“Geoffrey Baker examines the musical culture — the soundscape — of colonial Cuzco, in all its complexity. He questions traditional scholarship on the music of Cuzco (and elsewhere in Latin America, for that matter) in which the cathedral, with its strongly Hispanic traditions, is understood as the center and focus of viceregal musical culture. In a city that was inhabited by a strong majority of indigenous descent, focus on a cathedral-centered organization rehearses a colonialist perspective. Baker successfully challenges it.” — Carolyn Dean, author of Inka Bodies and the Body of Christ: Corpus Christi in Colonial Cuzco, Peru

“Decentering understanding of the history of music in colonial Cuzco, Geoffrey Baker demonstrates the importance of moving away from the cathedral-centered analyses of the period’s musical culture. Most memorably, he significantly deepens insight into the making of Andean social distinction by bringing to the fore the busy activity of Andean musicians not based in, trained by, or dependent on the Cuzco Cathedral at all.” — Kathryn Burns, author of Colonial Habits: Convents and the Spiritual Economy of Cuzco, Peru.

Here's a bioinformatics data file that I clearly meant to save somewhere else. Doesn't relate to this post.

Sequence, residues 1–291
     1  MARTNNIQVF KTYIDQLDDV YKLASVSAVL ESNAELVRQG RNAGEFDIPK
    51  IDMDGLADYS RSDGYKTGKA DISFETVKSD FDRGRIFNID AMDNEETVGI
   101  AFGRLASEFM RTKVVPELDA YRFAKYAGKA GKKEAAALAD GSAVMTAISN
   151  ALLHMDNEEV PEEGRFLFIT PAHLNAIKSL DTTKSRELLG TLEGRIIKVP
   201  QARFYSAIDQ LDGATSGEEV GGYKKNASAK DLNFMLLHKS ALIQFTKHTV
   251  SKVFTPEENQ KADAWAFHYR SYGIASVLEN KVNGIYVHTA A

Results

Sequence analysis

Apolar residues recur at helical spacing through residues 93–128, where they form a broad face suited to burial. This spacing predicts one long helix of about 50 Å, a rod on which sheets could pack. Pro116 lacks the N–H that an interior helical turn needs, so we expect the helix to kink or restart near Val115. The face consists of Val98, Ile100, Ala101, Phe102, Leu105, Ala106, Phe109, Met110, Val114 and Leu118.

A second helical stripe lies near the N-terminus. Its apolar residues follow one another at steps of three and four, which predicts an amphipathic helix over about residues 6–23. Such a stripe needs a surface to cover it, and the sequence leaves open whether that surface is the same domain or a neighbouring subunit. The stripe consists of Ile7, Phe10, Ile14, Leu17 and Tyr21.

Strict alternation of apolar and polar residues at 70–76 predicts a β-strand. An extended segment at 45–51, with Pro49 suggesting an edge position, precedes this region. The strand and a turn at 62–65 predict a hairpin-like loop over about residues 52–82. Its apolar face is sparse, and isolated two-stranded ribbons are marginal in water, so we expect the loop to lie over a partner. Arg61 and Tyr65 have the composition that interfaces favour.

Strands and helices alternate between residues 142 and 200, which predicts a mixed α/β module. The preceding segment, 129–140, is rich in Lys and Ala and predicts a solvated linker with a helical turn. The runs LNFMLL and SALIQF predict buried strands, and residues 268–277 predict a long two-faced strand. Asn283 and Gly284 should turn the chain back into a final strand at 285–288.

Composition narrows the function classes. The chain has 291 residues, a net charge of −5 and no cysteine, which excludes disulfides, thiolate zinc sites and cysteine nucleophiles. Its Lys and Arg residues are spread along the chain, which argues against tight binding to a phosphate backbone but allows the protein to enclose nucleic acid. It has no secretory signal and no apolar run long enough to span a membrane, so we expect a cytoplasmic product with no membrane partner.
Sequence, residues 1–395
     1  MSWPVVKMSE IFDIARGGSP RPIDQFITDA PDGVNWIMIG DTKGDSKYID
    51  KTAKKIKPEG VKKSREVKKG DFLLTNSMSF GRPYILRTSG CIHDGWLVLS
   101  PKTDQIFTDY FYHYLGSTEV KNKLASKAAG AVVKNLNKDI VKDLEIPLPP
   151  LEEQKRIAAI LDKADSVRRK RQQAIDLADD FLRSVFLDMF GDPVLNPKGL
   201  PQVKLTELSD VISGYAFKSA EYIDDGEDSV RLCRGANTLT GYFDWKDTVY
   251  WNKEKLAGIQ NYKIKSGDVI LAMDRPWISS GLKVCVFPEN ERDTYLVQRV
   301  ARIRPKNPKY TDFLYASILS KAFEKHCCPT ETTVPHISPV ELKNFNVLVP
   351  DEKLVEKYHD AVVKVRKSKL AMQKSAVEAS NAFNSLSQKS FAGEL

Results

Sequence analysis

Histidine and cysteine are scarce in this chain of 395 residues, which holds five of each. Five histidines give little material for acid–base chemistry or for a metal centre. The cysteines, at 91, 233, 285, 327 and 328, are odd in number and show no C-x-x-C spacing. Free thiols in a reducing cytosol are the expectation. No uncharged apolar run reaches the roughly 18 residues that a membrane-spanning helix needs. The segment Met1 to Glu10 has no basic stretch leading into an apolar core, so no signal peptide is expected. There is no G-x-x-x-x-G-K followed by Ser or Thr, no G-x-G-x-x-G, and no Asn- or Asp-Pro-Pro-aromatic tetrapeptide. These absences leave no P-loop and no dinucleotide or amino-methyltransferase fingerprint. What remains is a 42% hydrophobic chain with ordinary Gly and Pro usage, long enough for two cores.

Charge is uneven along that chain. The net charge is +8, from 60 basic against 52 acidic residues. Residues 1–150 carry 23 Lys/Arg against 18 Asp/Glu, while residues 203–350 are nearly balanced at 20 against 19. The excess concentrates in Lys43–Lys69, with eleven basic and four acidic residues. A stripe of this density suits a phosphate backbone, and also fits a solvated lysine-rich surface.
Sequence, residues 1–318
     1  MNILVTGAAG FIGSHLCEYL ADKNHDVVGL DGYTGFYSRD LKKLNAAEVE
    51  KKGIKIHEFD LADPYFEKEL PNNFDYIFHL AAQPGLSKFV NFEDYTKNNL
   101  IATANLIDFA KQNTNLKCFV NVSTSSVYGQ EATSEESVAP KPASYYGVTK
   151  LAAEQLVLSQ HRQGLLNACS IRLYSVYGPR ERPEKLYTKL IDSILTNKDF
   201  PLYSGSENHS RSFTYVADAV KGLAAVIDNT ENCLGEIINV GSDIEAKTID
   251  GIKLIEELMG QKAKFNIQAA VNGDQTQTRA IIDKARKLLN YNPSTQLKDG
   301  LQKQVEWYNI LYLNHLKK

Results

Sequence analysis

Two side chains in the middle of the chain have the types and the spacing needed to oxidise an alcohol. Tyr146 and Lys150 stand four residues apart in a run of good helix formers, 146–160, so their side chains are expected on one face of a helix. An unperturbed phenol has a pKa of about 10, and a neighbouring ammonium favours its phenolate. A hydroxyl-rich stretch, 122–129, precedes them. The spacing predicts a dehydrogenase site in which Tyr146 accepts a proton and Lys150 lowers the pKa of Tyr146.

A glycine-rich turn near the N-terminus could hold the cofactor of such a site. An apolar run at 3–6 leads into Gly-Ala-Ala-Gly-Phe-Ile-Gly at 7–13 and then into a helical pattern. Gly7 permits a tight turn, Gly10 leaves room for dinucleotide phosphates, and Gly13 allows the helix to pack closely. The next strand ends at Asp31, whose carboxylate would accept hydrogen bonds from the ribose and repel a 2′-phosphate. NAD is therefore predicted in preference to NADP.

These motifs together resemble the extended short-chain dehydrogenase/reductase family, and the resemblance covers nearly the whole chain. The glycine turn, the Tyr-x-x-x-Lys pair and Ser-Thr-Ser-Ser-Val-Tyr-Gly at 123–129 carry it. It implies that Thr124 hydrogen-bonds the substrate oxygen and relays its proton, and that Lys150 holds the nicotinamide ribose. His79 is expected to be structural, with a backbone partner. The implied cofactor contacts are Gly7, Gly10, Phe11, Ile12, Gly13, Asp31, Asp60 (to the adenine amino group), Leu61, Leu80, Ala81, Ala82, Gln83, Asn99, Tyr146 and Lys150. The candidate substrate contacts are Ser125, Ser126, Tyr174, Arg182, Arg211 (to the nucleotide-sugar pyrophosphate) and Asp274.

Imposing Harmony: Music and Society in Colonial Cuzco



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